“Hush, my child; if you talk like that you will lose your faith. Nobody is pleased or vexed with anybody for the colour of their hair.”
“Yes, where I come from a peasant girl suffers a little for having red hair. Also a man with a hump, he cannot marry unless he owns many pigs.”
“Eileen! Who has put such dreadful thoughts into your head?”
“That is what I ask myself, ma mere. Many things are done to me and I sit in the centre looking on, like the weathercock on our castle at home, who sees himself turning this way and that way and can only creak.”
“A weathercock is dead—you are alive.”
“Not at night, ma mere. At home in my bedroom I used to put out my candle every night by clapping the extinguisher upon it. Who is it puts the extinguisher upon me?”
The good sister almost wished it could be she.
But she replied gently, “It is God who gives us sleep—we can’t be always awake.”
“Then I am not responsible for my dreams anyhow?”
“I hope you don’t have bad dreams,” said the nun, affrighted.
“Oh, I dream—what do I not dream? Sometimes I fly—oh, so high, and all the people look up at me, they marvel. But I laugh and kiss my hand to them down there.”
“Well, there’s no harm in flying,” said the nun. “The angels fly.”
“Oh, but I am not always an angel in my dreams. Is it God who sends these bad dreams, too?”
“No—that is the devil.”
“Then it is sometimes he who puts the extinguisher on?”
“That is when you have not said your prayers properly.”
Eileen opened wide eyes of protest. “Oh, but, dear mother, I always say my prayers properly.”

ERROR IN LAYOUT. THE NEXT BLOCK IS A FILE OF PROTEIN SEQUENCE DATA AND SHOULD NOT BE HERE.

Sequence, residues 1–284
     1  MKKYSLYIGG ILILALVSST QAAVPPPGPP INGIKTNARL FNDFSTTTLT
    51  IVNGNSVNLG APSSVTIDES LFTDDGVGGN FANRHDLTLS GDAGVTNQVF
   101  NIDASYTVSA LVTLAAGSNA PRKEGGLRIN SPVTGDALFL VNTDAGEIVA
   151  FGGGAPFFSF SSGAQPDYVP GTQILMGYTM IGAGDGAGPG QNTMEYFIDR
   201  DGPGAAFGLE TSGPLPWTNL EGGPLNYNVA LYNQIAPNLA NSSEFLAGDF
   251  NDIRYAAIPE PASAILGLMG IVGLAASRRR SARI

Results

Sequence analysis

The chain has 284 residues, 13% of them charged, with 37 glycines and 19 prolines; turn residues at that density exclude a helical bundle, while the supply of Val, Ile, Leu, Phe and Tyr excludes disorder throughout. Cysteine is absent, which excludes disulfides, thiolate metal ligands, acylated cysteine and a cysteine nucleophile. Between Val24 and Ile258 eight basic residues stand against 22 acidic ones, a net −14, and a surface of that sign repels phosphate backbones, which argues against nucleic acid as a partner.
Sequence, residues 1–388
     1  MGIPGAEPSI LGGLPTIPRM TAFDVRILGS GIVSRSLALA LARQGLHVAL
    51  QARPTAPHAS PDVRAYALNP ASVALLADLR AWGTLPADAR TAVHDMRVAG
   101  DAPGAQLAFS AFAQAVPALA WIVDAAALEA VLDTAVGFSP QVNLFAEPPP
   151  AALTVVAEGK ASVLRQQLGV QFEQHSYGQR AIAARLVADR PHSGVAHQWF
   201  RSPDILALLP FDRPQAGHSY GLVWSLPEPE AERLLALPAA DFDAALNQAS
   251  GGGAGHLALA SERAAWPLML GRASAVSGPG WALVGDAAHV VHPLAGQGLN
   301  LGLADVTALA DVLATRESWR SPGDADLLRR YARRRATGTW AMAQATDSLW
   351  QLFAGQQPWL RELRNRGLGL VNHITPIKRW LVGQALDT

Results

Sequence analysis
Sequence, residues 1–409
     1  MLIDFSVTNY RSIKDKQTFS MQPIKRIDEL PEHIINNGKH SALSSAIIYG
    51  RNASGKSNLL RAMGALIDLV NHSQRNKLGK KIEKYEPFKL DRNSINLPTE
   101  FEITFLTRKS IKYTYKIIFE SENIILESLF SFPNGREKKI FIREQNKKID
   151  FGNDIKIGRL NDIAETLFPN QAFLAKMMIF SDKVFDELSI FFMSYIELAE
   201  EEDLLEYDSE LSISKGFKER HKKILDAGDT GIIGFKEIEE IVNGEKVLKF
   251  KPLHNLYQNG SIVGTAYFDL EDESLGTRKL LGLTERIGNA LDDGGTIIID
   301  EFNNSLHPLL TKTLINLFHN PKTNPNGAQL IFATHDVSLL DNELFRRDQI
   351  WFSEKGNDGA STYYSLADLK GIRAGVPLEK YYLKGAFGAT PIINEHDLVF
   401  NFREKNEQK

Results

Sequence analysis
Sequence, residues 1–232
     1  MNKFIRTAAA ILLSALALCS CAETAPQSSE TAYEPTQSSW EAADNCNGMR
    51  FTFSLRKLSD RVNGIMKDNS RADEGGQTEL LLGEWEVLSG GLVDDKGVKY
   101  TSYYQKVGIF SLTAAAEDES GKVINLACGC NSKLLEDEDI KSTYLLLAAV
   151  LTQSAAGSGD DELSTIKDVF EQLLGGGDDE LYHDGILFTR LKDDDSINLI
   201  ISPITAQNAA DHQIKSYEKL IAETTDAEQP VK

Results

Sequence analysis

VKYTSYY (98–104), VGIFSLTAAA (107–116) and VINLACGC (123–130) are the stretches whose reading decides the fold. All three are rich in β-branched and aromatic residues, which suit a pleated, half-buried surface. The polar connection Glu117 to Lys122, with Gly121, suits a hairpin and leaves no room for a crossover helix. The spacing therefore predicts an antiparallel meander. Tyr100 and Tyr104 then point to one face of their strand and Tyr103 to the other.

“You think so? That is already a sin in you—the sin of spiritual pride.”
“But, ma mere, devil-dreams or angel-dreams—it is always the same in the morning. Every morning one finds oneself ready on the pillow, like a clock that has been wound up. One did not make the works.”
“But one can keep them clean.”
Eileen burst into a peal of laughter.
“Qu’avez-vous donc?” said the good creature in vexation.
“I thought of a clock washing its face with its hands.”
“You are a naughty child—one cannot talk seriously to you.”
“Oh, dear mother, I am just as serious when I am laughing as when I am crying.”
“My child, we must never cultivate the mocking spirit. Leave me. I am vexed with you.”
As her first communion approached, however, all these simmerings of scepticism and revolt died down into the recommended recueillement. Her days of retreat, passed in holy exercises, were an ecstasy of absorption into the divine, and the pious readings began to assume a truer complexion as the experiences of sister-souls, deep crying unto deep. Oh, how she yearned to take the vows, to leave the trivial distracting life of the outer world for the peace of self-sacrificial love!